PULLMAN, Wash. — A Pullman Human Relations Commission, which would address issues of social climate in the community, is being proposed by a group representing Washington State University, the City of Pullman, the Pullman School District and the Pullman Chamber of Commerce.
The proposal is presented by a Livability Task Force formed last fall in response to a recommendation by WSU President Samuel Smith during a joint meeting of university officials and City Council members. Smith urged that a group be established to seek ways to enhance the attractiveness of the Pullman-WSU community.
According to a draft document articulating the objectives and function of the commission, the Livability Task Force set out to look for ways to “ensure that the community — broadly defined — was hospitable to all who lived here and that there were mechanisms in place to support a harmonious and economically viable city.”
While task force members recognized there were several groups addressing climate issues, they determined a need for a more formal structure that would bring together the many constituencies involved to address common problems and to forge common solutions.
The draft preamble states, “The Commission shall be charged with addressing climate issues within the community, particularly as they relate to persons of color, international members of the community, persons with disabilities, gay/lesbian/transgendered persons, women, seniors and low-income individuals and families.”
The draft was prepared to stimulate wider discussion of the issues identified. It is general enough to stimulate thought and specific enough to elicit response for detailed changes, according to T. L. Purce, WSU vice president for Extended University Affairs.
He says the Livability Task Force encourages community groups to discuss this proposal, to provide input by March 16 to the Mayor’s Office, and to participate in public forums that will be planned to discuss the ideas.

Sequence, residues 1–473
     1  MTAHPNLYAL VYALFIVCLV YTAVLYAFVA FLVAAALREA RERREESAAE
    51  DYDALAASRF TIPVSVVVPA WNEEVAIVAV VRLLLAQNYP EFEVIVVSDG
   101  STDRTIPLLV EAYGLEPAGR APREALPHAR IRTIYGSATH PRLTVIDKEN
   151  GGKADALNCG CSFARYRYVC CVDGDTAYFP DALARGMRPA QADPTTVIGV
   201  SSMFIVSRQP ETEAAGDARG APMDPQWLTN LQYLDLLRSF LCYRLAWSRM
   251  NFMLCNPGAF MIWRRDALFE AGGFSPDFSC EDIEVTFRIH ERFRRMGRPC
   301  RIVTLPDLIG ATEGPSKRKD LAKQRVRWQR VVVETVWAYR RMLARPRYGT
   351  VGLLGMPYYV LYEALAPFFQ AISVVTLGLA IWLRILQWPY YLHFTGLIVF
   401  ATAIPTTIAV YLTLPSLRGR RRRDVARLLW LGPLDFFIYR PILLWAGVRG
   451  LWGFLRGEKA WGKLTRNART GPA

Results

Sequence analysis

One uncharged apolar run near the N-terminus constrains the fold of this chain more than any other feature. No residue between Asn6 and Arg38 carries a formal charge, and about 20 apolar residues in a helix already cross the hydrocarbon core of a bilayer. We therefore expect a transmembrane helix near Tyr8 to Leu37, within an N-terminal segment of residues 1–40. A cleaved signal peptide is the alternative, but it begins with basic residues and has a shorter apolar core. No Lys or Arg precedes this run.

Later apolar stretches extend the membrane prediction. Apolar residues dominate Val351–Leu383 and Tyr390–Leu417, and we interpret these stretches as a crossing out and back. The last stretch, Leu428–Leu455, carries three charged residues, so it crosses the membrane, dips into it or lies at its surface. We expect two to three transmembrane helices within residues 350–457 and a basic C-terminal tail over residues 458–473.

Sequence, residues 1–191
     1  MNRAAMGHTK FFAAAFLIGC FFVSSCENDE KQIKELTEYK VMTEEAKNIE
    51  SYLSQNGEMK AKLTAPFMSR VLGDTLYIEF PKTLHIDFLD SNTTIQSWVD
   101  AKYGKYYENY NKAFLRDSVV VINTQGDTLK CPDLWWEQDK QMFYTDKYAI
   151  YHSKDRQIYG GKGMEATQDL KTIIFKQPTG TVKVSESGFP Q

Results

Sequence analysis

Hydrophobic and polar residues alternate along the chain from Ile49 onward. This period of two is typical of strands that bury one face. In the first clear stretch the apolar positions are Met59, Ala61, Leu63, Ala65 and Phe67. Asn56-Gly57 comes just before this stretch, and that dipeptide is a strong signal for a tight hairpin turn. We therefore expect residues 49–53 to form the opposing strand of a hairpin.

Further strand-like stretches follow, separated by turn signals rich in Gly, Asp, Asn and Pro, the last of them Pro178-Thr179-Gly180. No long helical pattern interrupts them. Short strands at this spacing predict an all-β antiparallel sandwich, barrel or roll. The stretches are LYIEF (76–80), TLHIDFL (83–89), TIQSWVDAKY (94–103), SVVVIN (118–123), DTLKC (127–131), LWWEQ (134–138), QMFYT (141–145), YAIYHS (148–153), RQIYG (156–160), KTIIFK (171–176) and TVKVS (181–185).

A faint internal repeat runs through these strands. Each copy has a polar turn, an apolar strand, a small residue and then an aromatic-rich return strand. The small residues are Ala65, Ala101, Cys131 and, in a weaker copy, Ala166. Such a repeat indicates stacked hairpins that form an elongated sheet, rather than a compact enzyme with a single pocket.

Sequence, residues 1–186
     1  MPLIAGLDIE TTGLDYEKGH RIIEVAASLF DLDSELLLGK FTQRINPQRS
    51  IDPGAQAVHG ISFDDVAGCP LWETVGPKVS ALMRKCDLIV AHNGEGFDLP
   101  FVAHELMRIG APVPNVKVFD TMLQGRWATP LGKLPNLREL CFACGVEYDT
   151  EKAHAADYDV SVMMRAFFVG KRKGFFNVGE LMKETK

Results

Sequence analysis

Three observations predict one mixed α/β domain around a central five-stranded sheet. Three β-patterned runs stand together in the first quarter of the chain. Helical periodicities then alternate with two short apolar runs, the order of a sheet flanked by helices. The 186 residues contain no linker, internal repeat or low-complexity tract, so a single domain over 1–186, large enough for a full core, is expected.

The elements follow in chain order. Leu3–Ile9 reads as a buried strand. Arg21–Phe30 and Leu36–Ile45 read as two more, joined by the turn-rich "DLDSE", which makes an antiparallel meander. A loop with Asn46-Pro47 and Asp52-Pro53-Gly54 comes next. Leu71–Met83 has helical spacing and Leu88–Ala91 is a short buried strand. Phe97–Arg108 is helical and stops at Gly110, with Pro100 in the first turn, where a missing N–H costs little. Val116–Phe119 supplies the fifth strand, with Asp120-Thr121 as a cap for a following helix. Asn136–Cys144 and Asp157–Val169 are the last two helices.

The commission would be composed of 12 volunteer members, three each appointed to represent the university, the city, public schools and chamber of commerce. Members’ terms would be for three years, with initial terms staggered to allow for orderly rotation. Commission members would elect the chair.
The commission’s charge would include identifying current efforts and existing programs; identifying barriers to the attainment of a diverse community; developing recommendations; addressing specific issues brought to the commission through dialogue, intervention as necessary, or referral to appropriate entities; and addressing policies, laws and actions that may be counter to the goals of the community and Human Relations Commission.
Members of the Livability Task Force are Mitch Chandler, mayor; John Sherman, city supervisor; Doug Nelson, school superintendent; George Sharp, executive director of the chamber; Gretchen M. Bataille, WSU provost; Sallie Giffen, WSU vice president of Business Affairs; Marcia Garrett, executive assistant for administration, Extended University Affairs; and Purce.
Copies of the working draft for the commission can be obtained at Neill Public Library and the Office of Vice President for Extended University Affairs, 442 French Administration Building.

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Editors and Reporters: WSU Vice President T. L. Purce and City Supervisor John Sherman will be available to answer questions regarding the Human Relations Commission.